By Jolene Yeo
Socially conscious customers, idealistic employees, and a skeptical public have now provided a compelling narrative to urge companies to give back to society, intrinsically or not. As the business landscape matures and the economy saturates, businesses have continued to develop a unique and socially responsible business model over the lull period, differentiating their product from the rest of the market.
“If a business does not make profit, it dies. But it does not follow that the purpose of business is to make profits.”
In face of a lingering recession and an educated consumer population, consumers have in generally tightened their purses, making it more necessary for business to differentiate their products to suit the changing taste and preferences of consumers.
A 2015 Nielsen report found that 66% of global online consumers across 60 countries say they are willing to pay more for products and services provided by companies that are committed to positive social causes and environmental impact. This willingness to pay a premium for socially responsible products is particularly consistent across all income levels of consumers; the Nielsen report finds that it is no longer limited to wealthy suburbanites in major markets willing to open their wallets for sustainable offerings.
Increasing numbers of consumers in developed regions, like Singapore, are beginning to consider sustainability actions more of an imperative than a value-add.
Making goodness the business of every organisation
Where does Singapore belong then, in what seems to be a worldwide phenomenon to tweak business models to make doing good part of every company’s DNA?
The 2015 Corporate Giving Survey (CGS 2015) by the National Volunteer and Philanthropy Centre (NVPC) found that while many companies in Singapore engage in volunteering and donating activities, more can be done to deepen their giving journey by being more thoughtful and strategic in their giving. The mature economic landscape in Singapore provides companies with a solid grounding to give back to society financially, or through investing time and effort.
Despite the perceived abilities to give back to society more meaningfully, companies often lack to impetus and know-how in tweaking their business model to include doing good as part of the business objective. Many a time, companies retain the model of having a measly Corporate Social Responsibility team, perhaps even parked under Human Resource, to come up with less than meaningful activities.
Likening it to how the Community Involvement Project in schools have moved far beyond beach-litter picking and spending one day at the old-folks home, students as young as 13 are now encouraged to play a more active and involved role in their Values-In-Action project, thus developing a clear sense of purpose towards serving the particular community of choice rather than a mere follow-through to accumulate the necessary hours.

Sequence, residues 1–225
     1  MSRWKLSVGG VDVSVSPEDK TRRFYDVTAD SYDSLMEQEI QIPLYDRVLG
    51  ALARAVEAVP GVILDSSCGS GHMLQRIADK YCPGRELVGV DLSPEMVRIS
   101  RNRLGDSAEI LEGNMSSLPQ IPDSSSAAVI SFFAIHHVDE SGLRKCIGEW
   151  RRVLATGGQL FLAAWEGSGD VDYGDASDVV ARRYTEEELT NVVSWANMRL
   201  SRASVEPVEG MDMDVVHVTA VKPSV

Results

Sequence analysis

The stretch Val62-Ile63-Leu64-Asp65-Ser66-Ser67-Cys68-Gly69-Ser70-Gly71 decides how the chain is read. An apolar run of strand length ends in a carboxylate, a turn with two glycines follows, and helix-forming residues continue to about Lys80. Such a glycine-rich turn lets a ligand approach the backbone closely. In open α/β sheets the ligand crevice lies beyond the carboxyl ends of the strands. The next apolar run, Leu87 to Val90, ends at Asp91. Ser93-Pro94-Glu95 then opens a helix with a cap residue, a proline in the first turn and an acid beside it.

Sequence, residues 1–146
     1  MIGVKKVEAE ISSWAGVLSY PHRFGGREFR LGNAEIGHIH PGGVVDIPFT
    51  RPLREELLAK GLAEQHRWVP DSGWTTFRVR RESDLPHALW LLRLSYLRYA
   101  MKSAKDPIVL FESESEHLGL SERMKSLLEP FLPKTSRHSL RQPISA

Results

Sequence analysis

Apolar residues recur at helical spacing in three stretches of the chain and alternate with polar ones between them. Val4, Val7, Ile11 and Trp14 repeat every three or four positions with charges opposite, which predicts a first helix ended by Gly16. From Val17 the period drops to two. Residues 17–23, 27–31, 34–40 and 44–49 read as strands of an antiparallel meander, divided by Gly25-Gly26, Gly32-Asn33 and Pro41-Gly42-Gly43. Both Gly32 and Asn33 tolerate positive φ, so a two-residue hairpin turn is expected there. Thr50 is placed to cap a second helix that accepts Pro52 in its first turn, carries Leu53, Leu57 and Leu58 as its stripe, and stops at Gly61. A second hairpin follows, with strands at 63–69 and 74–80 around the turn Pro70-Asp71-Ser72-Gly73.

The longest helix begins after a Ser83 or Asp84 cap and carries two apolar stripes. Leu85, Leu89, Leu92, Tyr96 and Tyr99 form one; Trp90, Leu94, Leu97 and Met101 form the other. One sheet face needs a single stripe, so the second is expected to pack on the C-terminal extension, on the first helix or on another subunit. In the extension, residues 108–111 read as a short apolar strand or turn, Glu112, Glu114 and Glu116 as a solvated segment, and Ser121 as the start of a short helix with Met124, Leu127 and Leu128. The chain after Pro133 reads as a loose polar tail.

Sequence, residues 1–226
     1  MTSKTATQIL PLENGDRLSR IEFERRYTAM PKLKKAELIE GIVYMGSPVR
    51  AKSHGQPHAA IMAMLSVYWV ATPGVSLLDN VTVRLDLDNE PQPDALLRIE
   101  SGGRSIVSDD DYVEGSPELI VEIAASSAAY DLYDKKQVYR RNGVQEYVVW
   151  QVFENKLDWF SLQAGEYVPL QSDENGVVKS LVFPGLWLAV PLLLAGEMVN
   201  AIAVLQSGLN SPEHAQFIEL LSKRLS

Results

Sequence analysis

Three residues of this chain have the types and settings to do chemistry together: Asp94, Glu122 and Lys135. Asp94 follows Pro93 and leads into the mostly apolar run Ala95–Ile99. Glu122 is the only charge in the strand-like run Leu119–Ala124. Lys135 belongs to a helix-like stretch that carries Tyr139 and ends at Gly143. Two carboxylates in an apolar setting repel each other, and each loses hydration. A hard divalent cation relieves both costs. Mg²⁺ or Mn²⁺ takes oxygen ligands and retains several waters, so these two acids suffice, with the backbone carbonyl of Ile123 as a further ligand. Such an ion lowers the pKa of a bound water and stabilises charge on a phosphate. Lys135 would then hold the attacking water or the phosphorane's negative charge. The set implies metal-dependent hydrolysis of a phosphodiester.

Likewise, in the words of Minister Grace Fu, to make doing good the business of every company requires a shift in mindset away from seeing corporate performance and social responsibility as competing for resources in a zero-sum environment; away from seeing corporate giving as a cost, a constraint or mere charity.
June 2016 saw the launch of the Company of Good, a programme jointly developed by the NVPC, in partnership with the Singapore Business Federation Foundation and supported by the Ministry of Culture, Community and Youth (MCCY).
As companies at large in Singapore struggle with defining what good giving is, and whether they are giving well, the Company of Good framework is developed to help guide companies on how they can give well and holistically. This framework is open to all local and foreign-owned companies, large enterprises or SMEs that are operating in Singapore.
This national initiative–both ground up and receiving support by the MCCY comes at a time where it is now more imperative than ever for consumer brands to embrace sustainability in businesses, that while business require profits to survive, it does not follow that the purpose of business is to make profits.
Singaporeans and the world at large wants to see how our companies can be the catalyst of change in the communities they operate in; the critical professional expertise, resources for giving, and influence of companies make businesses well placed to plan and execute sustainable changes to the Singapore society.
Growing the culture of giving
Well-known companies such as DBS, Visa and Shell are creating new markets in the world by closely aligning social causes with their overarching corporate strategies. DBS for example, is a fervent supportive of social causes and social entrepreneurship, and has provided seed funding to contribute to growing the efforts of young change-makers.
Companies in Singapore have also long played a key role in contributing back to the Singapore society. M1 is known for the commitment to the arts, NTUC Income and Keppel Corporation do contribute financially to bettering the lives of the less advantage, FoodXervices set up the Food Bank Singapore in 2012, now run by over 900 volunteers and distributes around 60 tons of food per month to help over 100,000 needy individuals.
“Social responsibility is a critical part of proactive reputation management. And companies with strong reputations outperform others when it comes to attracting top talent, investors, community partners, and importantly, consumers”, says Carol Gstalder of Nielsen.